Ruby Port Characteristics
|Fruity, with notes of berries and plums
|Portugal (Douro Valley)
|No – drink now
So you’ve found yourself a Ruby Port – or are thinking about Ruby Port. Good for you. Welcome to the world of Port wines!
Ruby Port is the least expensive, entry level style of Port wine. This deep red, sweet wine tastes like candied red and black fruit with high alcohol (19%+). Ruby Ports shouldn’t be aged after you buy them. Serve Ruby Port slightly chilled with rich chocolate and cream-based desserts or blue cheese.
Here’s everything you need to know about Ruby Port, including its alcohol content, taste, substitutes, and more, but first…
- What Is Port Wine?
- What Is Ruby Port?
- What Is Ruby Reserve?
- Ruby Port Alcohol Content: How Strong is it?
- Ruby Port Taste: What Does it Taste Like?
- Is Ruby Port Sweet?
- Can You Drink Ruby Port on Its Own?
- Where to Buy Ruby Port: Finding the Perfect Bottle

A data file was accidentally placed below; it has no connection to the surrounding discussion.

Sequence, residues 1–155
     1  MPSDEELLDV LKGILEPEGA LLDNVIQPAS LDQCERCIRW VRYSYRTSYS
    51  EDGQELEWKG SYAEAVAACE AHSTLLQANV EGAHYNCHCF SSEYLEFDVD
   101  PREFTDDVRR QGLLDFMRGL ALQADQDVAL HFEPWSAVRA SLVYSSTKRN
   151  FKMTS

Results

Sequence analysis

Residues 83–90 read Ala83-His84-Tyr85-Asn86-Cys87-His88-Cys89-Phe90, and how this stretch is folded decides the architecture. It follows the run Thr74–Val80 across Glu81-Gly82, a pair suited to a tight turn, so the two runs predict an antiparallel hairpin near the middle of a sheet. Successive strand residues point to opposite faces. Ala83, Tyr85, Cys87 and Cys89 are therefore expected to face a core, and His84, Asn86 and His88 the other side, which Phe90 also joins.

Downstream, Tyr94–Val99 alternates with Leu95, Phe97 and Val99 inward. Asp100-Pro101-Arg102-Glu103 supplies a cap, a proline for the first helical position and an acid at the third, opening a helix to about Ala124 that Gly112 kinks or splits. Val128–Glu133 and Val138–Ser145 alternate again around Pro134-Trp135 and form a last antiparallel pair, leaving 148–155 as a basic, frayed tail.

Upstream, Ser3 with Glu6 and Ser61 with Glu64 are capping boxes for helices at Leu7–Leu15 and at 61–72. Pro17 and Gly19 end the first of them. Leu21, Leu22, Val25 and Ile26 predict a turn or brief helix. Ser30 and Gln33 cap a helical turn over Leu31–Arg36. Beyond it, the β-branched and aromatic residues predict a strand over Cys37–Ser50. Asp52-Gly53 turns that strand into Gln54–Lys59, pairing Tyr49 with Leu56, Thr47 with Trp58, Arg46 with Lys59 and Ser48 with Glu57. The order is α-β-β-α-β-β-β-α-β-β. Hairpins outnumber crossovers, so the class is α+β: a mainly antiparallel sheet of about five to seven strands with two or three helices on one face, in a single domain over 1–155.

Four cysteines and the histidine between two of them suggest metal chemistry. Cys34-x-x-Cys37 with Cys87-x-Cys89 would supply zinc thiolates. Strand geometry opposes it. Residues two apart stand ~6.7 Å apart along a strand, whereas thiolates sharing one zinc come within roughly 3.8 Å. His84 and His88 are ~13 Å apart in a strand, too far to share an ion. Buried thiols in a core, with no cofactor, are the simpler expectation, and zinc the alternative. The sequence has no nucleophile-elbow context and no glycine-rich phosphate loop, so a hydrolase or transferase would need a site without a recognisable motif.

- How Much Does Ruby Port Cost?
- Can You Age Ruby Port?
- Do You Refrigerate Ruby Port Wine?
- Ruby Port Substitute: What Can You Use Instead?
- Final Thoughts – What Is Ruby Port? Everyday Port!
- Thirsty for More?
What Is Port Wine?
Port wine, often just called “Port” is a fortified wine made in the Douro Valley of Portugal.
Port wines are always sweet, and typically red. Port’s fortified with distilled spirits which raise the alcohol level to 19%-22% alcohol by volume.
Renowned the world over, Port has a reputation for being a powerhouse of a wine with rich layers of flavor, a full body, and lingering notes of candy and fruit.
Think of Port as the umbrella category.
There are several different styles of Port, including Tawny Port, Vintage Port, and Ruby Port (of course), among others. You can even find White Port and Rosé Port, but these are uncommon.
Each Port style has its own unique characteristics and flavor profile.
What Is Ruby Port?
Ruby Port is the entry level style of Port wines that has been a favorite among wine lovers for centuries.
This sweet and fruity wine is made from a blend of grapes, including Touriga Nacional, Tinta Roriz, and Touriga Franca, and fortified with 77% grape spirit to give it its unique flavor and texture.